Another great example is Japan.  Most births still take place in the hospital, however there are maternity homes with live-in midwives where women go for pre-natal care and birth.  The Japanese and the midwives who work in these maternity homes have a specific saying about labor pain; they call it “metamorphic”.  They say that going through labor is a metamorphosis because it changes the woman into a mother the way that crawling out of the cocoon changes the caterpillar into a butterfly.  They adhere to an old story that states if you help the caterpillar out of its cocoon it will die.  It has to emerge by itself in order to survive and to be strong.

Japanese midwives approach birth with great patience.  They believe that the struggle and pain of labor helps the mother to grow and transform herself. The mother must look deep down inside herself and find out who she is.  The baby also needs the struggle of being born; the work is what transforms both the mother and the baby into separate beings with the power and the strength to go on and to be the mother-baby pair that they need to be.

The babies muscles will get exercised during birth which will prepare the baby to be ready to breastfeed.  This will also enable the baby to be aware of the smells and hormones needed to latch on.  If it’s born by cesarean section for example or if there are drugs at birth the baby’s consciousness will be reduced as well as the flow of necessary hormones.

The mother’s metamorphosis releases massive doses of oxytocin while she’s in early labor. Late in labor a flush of adrenaline gets her on a high and gives her the power and strength to push the baby out. Right after this stage comes another flush – the biggest flush of oxytocin she’ll ever get in her entire life.  This will transform her and the moment of suffering, pain and pushing.  If you watch women’s faces at this moment there’s a suffusion of joy and ecstasy in their expression.  Then the milk lets down, the prolactin comes and the hormones all work together to make the caterpillar turn into the most beautiful butterfly.

This excerpt is part of a video interview with Robbie Davis-Floyd and is being re-published with permission from Mindful Mama.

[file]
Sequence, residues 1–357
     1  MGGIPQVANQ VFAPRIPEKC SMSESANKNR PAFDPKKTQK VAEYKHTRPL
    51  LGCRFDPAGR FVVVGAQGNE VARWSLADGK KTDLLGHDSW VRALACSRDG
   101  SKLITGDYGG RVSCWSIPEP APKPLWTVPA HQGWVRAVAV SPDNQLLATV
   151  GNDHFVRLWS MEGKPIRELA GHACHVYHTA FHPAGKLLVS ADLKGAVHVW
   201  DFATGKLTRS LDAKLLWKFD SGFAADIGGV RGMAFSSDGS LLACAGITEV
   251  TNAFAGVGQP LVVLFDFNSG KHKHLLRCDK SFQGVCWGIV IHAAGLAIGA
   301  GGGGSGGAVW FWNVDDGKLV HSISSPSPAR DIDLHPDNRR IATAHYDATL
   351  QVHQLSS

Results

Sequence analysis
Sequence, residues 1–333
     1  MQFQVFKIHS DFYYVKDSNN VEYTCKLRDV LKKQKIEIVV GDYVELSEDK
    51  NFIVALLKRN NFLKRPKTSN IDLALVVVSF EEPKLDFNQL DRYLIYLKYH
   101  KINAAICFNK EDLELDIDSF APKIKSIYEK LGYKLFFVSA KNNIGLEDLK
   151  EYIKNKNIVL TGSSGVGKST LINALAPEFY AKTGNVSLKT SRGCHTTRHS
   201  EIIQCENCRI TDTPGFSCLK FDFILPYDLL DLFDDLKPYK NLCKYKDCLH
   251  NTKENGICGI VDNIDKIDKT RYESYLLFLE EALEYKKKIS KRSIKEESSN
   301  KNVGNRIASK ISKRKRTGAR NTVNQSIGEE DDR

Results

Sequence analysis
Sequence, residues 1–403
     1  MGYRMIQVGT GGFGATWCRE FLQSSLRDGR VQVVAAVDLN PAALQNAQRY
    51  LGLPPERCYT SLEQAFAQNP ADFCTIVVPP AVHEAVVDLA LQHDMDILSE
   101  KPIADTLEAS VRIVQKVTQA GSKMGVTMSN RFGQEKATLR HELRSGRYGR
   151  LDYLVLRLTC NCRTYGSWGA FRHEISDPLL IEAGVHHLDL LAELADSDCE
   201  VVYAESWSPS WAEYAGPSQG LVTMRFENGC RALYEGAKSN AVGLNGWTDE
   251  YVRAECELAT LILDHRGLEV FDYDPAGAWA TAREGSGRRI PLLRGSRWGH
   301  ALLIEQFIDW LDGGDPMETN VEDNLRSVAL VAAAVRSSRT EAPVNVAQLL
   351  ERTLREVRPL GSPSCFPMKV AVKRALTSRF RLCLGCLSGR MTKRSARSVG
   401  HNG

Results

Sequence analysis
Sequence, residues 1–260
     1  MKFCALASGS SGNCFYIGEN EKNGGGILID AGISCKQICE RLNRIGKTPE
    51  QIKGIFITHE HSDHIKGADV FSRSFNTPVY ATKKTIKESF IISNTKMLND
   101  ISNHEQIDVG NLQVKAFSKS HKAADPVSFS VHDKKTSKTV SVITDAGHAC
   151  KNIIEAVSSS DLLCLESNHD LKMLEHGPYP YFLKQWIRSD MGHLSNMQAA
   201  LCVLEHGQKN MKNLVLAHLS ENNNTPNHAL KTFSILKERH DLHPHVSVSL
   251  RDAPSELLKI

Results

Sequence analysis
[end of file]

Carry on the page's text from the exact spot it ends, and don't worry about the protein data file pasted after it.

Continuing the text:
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There are a lot of scary myths surrounding childbirth, which can cause women to become afraid. Fear triggers the “fight or flight” response and can shutdown the birthing process. Laura Shanley discusses the importance of overcoming fear and provides insightful tips for mothers who are preparing for birth.

Fear, Stress and the Birthing Process

Did you know that your face turns white when you’re afraid because the body thinks the blood and oxygen are needed in your arms and legs to fight a perceived danger? This is part of the “flight or flight” response. If we feel that we are in danger, blood is drained from the face and other internal organs; digestion shuts down. This is why you can have stomach problems if you’re in a constant state of stress and fear.

There’s a book called “Why Zebra’s Don’t Get Ulcers” – that really explains how well our bodies would function if we didn’t keep triggering fight-flight.  Because of fear and stress, we keep sending blood and oxygen away from our digestive organs, our sex organs, etc. If we were not on high alert all of the time, then our bodies could function at a much higher level. This is true every day of our lives, but is especially important during pregnancy and birth.